RESULTS

Neuropsychological testing

The superior memorizers were not exceptional in their perfor-

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articles

Ta b le 1. Summary scores from standard neuropsychological measures.

Measure Age (years) Laterality quotient a Years practicing mnemonics NART (verbal IQ) b Matrix reasoning c Rey d figure

copy

DR

Story e

IR ( ** ) DR ( * )

Digit span f( *** )

SMQ

g( * )

Superior memorizers (n = 10)

Controls (n = 10)

Mean (s.d.)

Range

Mean (s.d.)

Range

33.90 (9.33)

22–53

33.10 (7.90)

20–46

53.84 (46.11)

–68.42–86.67

49.14 (58.23)

–64.71–100

11.10 (10.45)

3–38.5

111 (8.31)

95–119

112 (5.96)

98–119

12.90 (1.79)

9–16

12.40 (1.26)

10–14

35.70 (0.67)

34–36

35.60 (0.52)

35–36

21.60 (3.81)

17–29

22.70 (6.21)

13–33

50.50 (3.78)

43–55

43.50 (6.47)

34–51

48.50 (7.79)

29–55

42.90 (6.28)

35–54

16.80 (2.49)

11–19

12 (2.21)

8–15

162.3 (22.72)

139–196

145.6 (15.58)

118–173

a Edinburgh Handedness Inventory

b NART, the National Adult Reading Test, is an estimate of verbal IQ 34 ; this test was not given to one SM whose native language is not English, contravening a requirement of the test. c Scaled scores from the Matrix Reasoning subtest from the Wechsler Abbreviated Scale of Intelligence (WASI), a measure of non-verbal fluid reasoning and

general intellectual ability 35 .

d Rey complex figure, a visual reproduction and memory task (max score, 36); delayed recall (DR) was after 30 min 36,37 .

e Story (verbal recall) from the Adult Memory and Information Processing Battery (AMIPB) (max score, 56); IR, immediate recall; delayed recall (DR) was after 30 min 38 .

. g Subjective Memory Questionnaire, where a higher score reflects the subjective impression of good memory 40,41 . Significant differences between groups:

*P < 0.05 one-tailed, **P < 0.01 two-tailed, ***P < 0.001 two-tailed.

33

f

Scaled scores from the digit span subtest of the Wechsler Adult Intelligence Scale Revised (WAIS-R)

39

of the Wechsler Adult Intelligence Scale Revised (WAIS-R) 39 mance on tests of general cognitive ability;

mance on tests of general cognitive ability; they were in the high- average range in both general verbal and non-verbal skills, com- parable to normal controls (Table 1). As expected, the SMs performed significantly better than control subjects on tests of working and long-term verbal memory, these tasks being simi- lar to those commonly featured in memory competitions. The two groups did not differ on the measure of visual memory, per- haps owing to the fact that the SMs do not in general practice recall of visual patterns.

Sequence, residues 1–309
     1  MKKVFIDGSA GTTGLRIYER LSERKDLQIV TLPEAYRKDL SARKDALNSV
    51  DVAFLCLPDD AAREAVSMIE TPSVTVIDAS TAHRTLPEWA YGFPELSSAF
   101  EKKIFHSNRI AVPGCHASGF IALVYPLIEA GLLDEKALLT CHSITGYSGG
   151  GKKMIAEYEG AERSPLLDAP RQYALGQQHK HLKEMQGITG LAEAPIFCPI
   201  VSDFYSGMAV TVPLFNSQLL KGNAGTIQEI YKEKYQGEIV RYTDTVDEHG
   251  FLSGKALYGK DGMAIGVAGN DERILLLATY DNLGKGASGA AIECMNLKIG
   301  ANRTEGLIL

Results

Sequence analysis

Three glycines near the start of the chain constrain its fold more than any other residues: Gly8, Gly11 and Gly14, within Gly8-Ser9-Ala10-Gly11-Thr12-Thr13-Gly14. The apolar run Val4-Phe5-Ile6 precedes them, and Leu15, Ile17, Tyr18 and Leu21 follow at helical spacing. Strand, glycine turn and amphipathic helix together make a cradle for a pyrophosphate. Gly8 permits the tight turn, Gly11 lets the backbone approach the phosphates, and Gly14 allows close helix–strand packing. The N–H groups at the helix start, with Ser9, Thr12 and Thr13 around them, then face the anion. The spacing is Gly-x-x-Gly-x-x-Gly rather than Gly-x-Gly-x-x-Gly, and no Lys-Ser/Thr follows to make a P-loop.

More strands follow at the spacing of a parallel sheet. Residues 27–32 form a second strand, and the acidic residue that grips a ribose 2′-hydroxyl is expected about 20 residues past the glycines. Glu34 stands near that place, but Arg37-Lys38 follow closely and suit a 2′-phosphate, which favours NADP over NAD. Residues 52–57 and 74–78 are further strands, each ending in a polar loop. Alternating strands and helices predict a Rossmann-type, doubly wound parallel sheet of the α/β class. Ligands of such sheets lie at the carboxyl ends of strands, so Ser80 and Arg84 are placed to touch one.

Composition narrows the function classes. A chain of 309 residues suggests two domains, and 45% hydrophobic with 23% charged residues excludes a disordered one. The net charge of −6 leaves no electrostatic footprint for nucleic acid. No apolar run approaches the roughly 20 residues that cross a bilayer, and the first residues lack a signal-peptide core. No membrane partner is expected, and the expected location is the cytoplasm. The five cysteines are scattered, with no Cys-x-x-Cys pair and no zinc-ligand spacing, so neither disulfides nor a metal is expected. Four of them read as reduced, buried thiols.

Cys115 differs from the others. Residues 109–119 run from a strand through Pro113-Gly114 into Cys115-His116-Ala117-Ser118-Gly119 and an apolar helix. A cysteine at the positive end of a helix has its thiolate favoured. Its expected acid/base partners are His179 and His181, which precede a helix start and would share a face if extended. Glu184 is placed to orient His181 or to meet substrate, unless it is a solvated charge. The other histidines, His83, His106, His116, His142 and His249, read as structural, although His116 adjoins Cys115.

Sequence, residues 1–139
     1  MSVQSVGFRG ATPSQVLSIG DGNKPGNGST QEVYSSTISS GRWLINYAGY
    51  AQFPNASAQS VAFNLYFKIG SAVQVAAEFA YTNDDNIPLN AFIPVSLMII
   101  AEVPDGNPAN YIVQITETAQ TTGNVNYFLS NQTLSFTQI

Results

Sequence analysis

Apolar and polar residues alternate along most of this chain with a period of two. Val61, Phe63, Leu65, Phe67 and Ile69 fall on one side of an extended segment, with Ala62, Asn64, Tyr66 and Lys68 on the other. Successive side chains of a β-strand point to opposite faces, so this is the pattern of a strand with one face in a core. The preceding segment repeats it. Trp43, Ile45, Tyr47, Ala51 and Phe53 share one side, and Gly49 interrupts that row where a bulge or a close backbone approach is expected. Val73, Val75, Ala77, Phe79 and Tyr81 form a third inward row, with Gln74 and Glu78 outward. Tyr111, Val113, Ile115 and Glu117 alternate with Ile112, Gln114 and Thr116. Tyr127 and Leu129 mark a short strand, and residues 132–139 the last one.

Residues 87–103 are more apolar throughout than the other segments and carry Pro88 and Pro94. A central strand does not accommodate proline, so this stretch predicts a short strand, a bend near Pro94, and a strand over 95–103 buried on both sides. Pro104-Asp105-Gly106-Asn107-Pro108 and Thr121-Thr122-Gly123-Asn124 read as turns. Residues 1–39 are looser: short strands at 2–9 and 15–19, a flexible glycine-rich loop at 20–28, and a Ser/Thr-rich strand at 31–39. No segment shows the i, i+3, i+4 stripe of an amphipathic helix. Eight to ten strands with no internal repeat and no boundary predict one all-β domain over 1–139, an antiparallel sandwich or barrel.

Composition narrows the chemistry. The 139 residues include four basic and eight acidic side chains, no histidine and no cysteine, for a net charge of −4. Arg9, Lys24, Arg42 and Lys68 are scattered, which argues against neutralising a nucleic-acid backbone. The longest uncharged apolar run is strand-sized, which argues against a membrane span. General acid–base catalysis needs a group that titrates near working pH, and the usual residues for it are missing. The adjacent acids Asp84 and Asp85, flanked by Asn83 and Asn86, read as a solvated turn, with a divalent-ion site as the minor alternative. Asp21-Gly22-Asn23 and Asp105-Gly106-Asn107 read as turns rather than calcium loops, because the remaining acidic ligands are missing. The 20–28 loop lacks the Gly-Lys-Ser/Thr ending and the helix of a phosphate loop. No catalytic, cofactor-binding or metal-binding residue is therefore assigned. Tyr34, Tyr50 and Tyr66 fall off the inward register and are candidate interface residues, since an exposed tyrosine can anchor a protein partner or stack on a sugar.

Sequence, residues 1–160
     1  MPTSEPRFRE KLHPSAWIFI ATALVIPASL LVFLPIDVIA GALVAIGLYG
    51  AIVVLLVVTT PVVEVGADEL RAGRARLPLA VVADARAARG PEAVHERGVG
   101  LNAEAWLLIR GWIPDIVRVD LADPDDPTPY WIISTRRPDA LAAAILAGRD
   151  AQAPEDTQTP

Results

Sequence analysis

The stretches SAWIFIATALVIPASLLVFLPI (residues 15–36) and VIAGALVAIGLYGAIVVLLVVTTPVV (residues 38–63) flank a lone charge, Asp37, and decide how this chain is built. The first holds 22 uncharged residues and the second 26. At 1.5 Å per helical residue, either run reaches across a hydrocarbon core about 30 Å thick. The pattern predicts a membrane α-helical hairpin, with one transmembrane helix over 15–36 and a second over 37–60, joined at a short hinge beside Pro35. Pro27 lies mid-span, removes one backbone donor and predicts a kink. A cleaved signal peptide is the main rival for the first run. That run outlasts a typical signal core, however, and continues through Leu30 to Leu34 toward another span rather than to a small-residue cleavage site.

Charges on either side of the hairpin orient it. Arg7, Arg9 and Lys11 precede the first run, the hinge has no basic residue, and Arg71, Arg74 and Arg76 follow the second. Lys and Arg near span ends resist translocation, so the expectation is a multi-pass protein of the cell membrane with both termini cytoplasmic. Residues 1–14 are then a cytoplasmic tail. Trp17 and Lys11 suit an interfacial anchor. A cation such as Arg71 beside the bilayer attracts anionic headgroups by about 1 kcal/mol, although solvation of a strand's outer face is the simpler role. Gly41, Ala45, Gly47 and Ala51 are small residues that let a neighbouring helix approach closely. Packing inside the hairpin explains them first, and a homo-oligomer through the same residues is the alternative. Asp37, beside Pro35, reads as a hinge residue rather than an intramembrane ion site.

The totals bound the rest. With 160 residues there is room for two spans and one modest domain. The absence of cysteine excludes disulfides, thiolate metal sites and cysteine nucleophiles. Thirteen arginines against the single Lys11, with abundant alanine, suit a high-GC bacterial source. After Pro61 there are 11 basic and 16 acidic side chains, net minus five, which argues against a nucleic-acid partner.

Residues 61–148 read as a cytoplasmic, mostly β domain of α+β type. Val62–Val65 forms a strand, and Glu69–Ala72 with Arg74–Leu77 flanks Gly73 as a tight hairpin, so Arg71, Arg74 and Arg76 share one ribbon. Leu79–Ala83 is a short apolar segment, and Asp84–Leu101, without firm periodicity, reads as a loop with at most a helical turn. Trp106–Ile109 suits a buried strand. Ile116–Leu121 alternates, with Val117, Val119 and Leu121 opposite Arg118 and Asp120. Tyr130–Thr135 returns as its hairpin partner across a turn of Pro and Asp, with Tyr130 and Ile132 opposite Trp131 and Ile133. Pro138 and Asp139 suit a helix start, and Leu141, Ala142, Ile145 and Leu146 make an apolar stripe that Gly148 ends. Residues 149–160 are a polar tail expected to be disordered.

Structural brain imaging Optimized structural MRI images of the brains of SMs and con- trol subjects were compared for differences in gray matter vol- ume using whole-brain voxel-based morphometry (VBM) 12 . For structural brain analysis, VBM has many advantages over region- of-interest (ROI) techniques in that it is automated rather than observer-based, and the whole brain is considered with no a pri- ori regions of interest. VBM is sensitive to structural hippocam- pal changes in clinical 13 as well as non-clinical 10,14 subjects. For example, structural differences between the hippocampi of Lon- don taxi drivers and the general population have been report- ed 10 . Importantly, the MRI scans of the taxi drivers were not only analyzed using VBM, but they were also independently analyzed using the standard ROI approach focusing on the hippocampus. The findings from the two techniques were completely concor- dant, confirming the appropriateness of using VBM to study the hippocampus in non-clinical samples. Another study using VBM also reports hippocampal differences in a non-clinical context in relation to gender 14 . When the SMs and control subjects were compared, no signif- icant differences were evident (either at a threshold of P < 0.05 corrected for multiple comparisons, or at the more liberal P < 0.005

nature neuroscience • volume 6 no 1 • january 2003

uncorrected). Among the SMs, there were no changes in gray mat- ter volume as a function of the number of years engaged in active- ly challenging their superior memory, or in relation to performance on the standard measures (Table 1) or later experimental measures (see below and Table 2). Although our samples were quite small, VBM changes have been detected in similar settings 10,13 . This result suggests that superior memory in the SMs is not associated with structural brain differences (that can be detected by VBM).

Functional brain imaging As neither exceptional intellect nor gross structural brain differ- ences seemed to relate to superior memory, we then used fMRI to index neural activity while subjects were learning new informa- tion. During scanning, the SMs and control subjects learned items that were presented visually (Fig. 1) and the order in which they were presented—tasks at which the SMs excel (see Fig. 2 and Methods for task details). Imaging data were recorded during learning, and behavioral performance was measured for order and item recognition memory. One potential confound with this fMRI protocol, given that SMs tend to perform better than control subjects, is that differ- ences in brain activity may reflect the amount of information being successfully learned rather than the mechanisms underly- ing the cognitive process. To address this issue, we included three classes of stimuli in the fMRI study (Fig. 1). Three-digit num- bers, which are items that the SMs particularly excel at learning, were expected to elicit a large performance difference between the two groups. The second stimulus type comprised faces, which are items that the SMs are excellent at learning but that can also be well retained by many individuals in the general population, so less of a difference was expected between the two groups. The final stimulus type was snowflakes 15 , which are unusual and dif-